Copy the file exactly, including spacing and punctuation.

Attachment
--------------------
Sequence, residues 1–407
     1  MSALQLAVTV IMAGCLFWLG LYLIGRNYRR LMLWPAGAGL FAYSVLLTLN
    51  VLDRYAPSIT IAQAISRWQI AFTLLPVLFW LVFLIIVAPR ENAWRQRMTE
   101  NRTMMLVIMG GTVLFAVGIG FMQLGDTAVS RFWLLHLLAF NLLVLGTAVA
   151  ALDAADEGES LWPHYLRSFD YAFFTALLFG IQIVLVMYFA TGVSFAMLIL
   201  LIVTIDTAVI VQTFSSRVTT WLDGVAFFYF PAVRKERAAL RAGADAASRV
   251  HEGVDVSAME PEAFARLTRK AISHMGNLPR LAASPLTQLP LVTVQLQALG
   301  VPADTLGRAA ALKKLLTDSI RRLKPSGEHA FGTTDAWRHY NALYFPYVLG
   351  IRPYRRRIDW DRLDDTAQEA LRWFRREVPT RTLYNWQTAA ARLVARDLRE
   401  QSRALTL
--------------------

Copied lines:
Sequence, residues 1–407
     1  MSALQLAVTV IMAGCLFWLG LYLIGRNYRR LMLWPAGAGL FAYSVLLTLN
    51  VLDRYAPSIT IAQAISRWQI AFTLLPVLFW LVFLIIVAPR ENAWRQRMTE
   101  NRTMMLVIMG GTVLFAVGIG FMQLGDTAVS RFWLLHLLAF NLLVLGTAVA
   151  ALDAADEGES LWPHYLRSFD YAFFTALLFG IQIVLVMYFA TGVSFAMLIL
   201  LIVTIDTAVI VQTFSSRVTT WLDGVAFFYF PAVRKERAAL RAGADAASRV
   251  HEGVDVSAME PEAFARLTRK AISHMGNLPR LAASPLTQLP LVTVQLQALG
   301  VPADTLGRAA ALKKLLTDSI RRLKPSGEHA FGTTDAWRHY NALYFPYVLG
   351  IRPYRRRIDW DRLDDTAQEA LRWFRREVPT RTLYNWQTAA ARLVARDLRE
   401  QSRALTL